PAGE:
Organic agriculture and biodiversity have in recent years brought about a rediscovery of many “forgotten” vegetables that people especially in Europe and France conscientiously tried to forget as they reminded them of the privations suffered during WWII. The same people had then to make do with untraditional vegetables because potatoes, carrots and so on were confiscated by occupying forces or their own armies.
With sustainibility and bioagriculture made more important by the deficiencies of modern mass agriculture, those “forgotten” vegetables have suddenly come to the fore for the pleasure of all, and that of course of vegetarians and vegans!
This particular series of postings will introduce these vegetables one by one. I hope they will become useful for a long time to come to all my vegan and vegetarian friends!
1) Scorsonere/Oyster Plant
The panais (French) or parsnip (English) is a root vegetable related to the carrot. Parsnips resemble carrots, but are paler than most of them and have a stronger flavor.
Like carrots, parsnips are native to Eurasia and have been eaten there since ancient times. Zohary and Hopf note that the archeological evidence for the cultivation of the parsnip is “still rather limited,” and that Greek and Roman literary sources are a major source about its early use, but warn “there are some difficulties in distinguishing between parsnip and carrot (which, in Roman times, were white or purple) in classical writings since both vegetables seem to have been sometimes called pastinaca yet each vegetable appears to be well under cultivation in Roman times.” As pastinache comuni the “common” pastinaca figures in the long list of comestibles enjoyed by the Milanese given by Bonvesin de la Riva in his “Marvels of Milan” (1288).
Panais and carrots soup
While folk etymology sometimes assumes the name is an English portmanteau of parsley and turnip, it actually comes from Latin pastinum, a kind of fork, whose ending was changed to -nip by analogy with turnip because it was assumed to be a kind of turnip. It is among the closest relatives of parsley, which can be bred to develop a very parsnip-like root.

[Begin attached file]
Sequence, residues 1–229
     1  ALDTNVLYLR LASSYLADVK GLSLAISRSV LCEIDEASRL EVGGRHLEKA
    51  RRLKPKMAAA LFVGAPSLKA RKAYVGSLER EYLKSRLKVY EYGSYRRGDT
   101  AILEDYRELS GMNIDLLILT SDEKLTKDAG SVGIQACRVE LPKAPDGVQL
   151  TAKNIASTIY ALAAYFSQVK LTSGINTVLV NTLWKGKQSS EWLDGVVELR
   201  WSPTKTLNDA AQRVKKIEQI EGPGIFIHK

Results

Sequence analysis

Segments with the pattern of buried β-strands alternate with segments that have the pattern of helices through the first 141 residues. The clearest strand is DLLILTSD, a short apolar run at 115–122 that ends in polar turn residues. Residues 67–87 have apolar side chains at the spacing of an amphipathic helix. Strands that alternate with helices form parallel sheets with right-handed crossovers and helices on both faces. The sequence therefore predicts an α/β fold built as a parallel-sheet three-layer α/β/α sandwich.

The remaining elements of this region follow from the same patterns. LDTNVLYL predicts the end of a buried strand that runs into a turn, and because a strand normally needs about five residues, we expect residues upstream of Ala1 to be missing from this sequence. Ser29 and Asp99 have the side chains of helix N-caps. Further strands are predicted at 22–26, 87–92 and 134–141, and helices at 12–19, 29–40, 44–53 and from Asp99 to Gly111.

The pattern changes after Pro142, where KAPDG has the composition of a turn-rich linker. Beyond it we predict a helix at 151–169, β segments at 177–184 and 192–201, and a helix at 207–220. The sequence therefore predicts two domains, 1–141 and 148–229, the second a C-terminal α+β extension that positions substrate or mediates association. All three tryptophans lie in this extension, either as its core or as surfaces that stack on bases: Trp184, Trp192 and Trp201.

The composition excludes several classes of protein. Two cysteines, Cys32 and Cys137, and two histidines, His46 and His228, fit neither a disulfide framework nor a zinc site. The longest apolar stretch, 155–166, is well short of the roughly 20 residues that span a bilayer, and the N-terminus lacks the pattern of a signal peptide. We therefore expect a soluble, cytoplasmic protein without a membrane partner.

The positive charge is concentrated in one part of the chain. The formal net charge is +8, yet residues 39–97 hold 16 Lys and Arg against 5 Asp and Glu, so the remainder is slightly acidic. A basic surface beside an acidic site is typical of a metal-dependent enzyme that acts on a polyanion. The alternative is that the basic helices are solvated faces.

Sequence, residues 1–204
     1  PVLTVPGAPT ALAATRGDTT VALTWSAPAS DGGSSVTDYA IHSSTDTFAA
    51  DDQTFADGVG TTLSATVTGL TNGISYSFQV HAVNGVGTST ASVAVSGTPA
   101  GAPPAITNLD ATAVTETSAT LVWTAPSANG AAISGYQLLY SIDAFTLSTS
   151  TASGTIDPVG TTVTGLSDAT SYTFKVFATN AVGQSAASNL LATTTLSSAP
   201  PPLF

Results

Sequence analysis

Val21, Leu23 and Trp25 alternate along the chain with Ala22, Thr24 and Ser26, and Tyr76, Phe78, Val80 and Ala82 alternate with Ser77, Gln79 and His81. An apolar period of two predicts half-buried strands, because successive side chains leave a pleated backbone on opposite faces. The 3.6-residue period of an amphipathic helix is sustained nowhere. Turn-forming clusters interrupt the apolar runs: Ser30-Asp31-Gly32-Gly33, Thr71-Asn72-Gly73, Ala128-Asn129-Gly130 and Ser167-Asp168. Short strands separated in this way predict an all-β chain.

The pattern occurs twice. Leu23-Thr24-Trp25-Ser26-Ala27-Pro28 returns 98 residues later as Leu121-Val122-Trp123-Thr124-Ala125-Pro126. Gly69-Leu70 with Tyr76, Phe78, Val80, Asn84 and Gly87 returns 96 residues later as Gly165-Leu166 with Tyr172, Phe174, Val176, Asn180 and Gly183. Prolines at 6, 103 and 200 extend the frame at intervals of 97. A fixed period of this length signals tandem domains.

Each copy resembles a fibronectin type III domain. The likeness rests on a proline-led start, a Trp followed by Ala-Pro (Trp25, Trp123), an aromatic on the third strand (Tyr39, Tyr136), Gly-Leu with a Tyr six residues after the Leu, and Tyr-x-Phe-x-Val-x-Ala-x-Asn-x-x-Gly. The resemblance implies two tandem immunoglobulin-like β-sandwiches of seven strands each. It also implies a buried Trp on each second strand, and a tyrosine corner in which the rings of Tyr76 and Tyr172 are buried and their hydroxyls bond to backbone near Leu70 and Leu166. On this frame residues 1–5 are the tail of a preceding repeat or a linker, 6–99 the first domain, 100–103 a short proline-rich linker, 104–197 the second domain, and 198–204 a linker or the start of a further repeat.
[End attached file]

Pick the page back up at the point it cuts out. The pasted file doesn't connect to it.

Panais are not grown in warm climates, since frost is necessary to develop their flavor. The panais is a favorite with gardeners in areas with short growing seasons. Sandy, loamy soil is preferred; silty, clay, and rocky soils are unsuitable as they produce short, forked roots.
Seeds can be planted in early spring, as soon as the ground can be worked. Harvesting can begin in late fall after the first frost, and continue through winter until the ground freezes over.
More than almost any other vegetable seed, panais seed significantly deteriorates in viability if stored for long, so it is advisable to use fresh seed each year.
The parsnip is richer in vitamins and minerals than its close relative, the carrot. It is particularly rich in potassium with 600 mg per 100 g. The parsnip is also a good source of dietary fiber. 100 g of parsnip contains 55 Calories of energy.
Panais pot au feu
Until the potato arrived from the New World, its place in dishes was occupied by the panais and other root vegetables such as the turnip. Panais can be boiled, roasted or used in stews, soups and casseroles.
In some cases, the panais is boiled and the solid portions are removed from the soup or stew, leaving behind a more subtle flavor than the whole root and contributing starch to thicken the dish. Roasted panais is considered an essential part of Christmas dinner in some parts of the English-speaking world and frequently features in the traditional Sunday Roast. Panais can also be fried, or can be eaten raw, although raw parsnips are not frequently consumed.
Like a lot of vegetables, the recipes are endless as panais can be easily combined with numerous other ingredients and dishes!
Choose them small as they wil contain less fibers.
Those which were submitted to a cold wave in the firelds are the best as they have become sweeter.
If you eat them raw like carrots, add lemon juice to them, or their colour will change!